At the same time, these developments are also strategically necessary for the upcoming election. The possibility of appeasing the electorate by weaving a pleasant story about the economy is long gone. The odds of maintaining power after the earthquake has also considerably decreased. Then what must be done is to push the start button on the ban mechanisms, pull out the Kurdish/terrorist card, trigger religious arguments, divide society into two warring camps, and try to gain what was lost in the economy and the earthquake. What more is there to do when the only tool left in your hand is the hammer, other than seeing everyone and everything as nails and hitting them all over the head?
What the regime will do and how it will do it is clear as day. What matters is what the "oppositions" will do now. Will we fall into this trap again, or will prudent policies be adopted in the short time before the elections to heal the suffering of society caused by the earthquake?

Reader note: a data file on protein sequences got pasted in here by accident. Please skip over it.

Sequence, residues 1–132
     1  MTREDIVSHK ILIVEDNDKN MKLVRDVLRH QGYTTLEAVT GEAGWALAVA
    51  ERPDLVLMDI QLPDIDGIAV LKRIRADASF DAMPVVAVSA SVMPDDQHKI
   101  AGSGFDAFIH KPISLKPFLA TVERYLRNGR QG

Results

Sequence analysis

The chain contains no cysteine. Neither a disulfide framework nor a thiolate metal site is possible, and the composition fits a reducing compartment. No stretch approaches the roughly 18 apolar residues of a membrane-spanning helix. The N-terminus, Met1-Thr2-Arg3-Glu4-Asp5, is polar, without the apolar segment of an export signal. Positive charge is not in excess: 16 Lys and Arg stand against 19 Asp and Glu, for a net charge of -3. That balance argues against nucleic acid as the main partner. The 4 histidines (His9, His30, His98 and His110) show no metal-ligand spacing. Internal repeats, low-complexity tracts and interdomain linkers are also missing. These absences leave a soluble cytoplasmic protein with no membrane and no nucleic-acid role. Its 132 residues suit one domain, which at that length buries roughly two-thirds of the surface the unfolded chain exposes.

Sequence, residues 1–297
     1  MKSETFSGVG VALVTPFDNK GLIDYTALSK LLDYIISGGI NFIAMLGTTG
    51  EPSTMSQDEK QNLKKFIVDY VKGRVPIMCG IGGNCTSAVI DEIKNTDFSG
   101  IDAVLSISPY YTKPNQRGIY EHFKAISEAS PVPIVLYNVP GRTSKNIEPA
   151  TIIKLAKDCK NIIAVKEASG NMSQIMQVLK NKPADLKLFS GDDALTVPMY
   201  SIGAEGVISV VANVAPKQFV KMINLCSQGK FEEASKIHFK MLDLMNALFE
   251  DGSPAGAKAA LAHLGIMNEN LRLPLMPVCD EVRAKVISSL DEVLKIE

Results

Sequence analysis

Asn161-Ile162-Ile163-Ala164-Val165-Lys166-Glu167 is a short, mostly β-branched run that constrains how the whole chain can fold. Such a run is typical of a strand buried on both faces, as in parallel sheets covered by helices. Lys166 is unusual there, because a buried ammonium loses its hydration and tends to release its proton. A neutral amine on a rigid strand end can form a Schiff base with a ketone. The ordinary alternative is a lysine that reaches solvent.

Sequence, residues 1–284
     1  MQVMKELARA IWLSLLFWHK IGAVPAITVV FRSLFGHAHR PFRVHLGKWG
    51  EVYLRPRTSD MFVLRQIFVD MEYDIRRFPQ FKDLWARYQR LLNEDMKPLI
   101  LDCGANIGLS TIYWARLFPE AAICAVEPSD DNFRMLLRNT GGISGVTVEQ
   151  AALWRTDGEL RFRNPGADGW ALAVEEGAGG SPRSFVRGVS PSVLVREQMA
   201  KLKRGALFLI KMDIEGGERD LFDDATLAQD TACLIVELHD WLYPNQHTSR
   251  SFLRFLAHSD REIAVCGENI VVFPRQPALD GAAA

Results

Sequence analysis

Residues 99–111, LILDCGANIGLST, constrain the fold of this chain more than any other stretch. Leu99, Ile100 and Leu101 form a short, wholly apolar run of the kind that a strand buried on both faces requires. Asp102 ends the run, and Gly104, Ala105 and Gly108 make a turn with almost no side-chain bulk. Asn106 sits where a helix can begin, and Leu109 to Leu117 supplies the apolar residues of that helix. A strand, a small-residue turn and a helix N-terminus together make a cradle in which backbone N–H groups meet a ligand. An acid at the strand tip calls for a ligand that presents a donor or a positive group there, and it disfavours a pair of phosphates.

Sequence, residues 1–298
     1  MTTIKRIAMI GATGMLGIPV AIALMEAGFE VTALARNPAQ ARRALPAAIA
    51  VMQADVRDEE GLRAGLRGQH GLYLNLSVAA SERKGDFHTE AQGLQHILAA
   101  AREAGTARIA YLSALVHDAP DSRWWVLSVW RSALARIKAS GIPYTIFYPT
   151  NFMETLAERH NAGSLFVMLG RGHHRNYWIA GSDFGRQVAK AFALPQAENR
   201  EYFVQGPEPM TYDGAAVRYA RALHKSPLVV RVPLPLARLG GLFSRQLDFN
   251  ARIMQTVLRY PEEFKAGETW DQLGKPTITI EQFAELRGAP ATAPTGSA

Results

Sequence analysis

The earthquake hurt many, but it also cracked open a door of hope. That door of hope is not the disappearance of the current administration; it is the hope fostered by social solidarity, the public’s effort to closely attend to the fates of their neighbors, townsfolk, and compatriots, and fellow locals. It is the possibility of another society and a different sort of politics that has reared its head against the goal of "a country with no society" that this government wants to achieve. The government’s desire is to shut this door, this is why the repression apparatus has been initiated. It is the duty of the opposition to ensure that this door of hope remains open.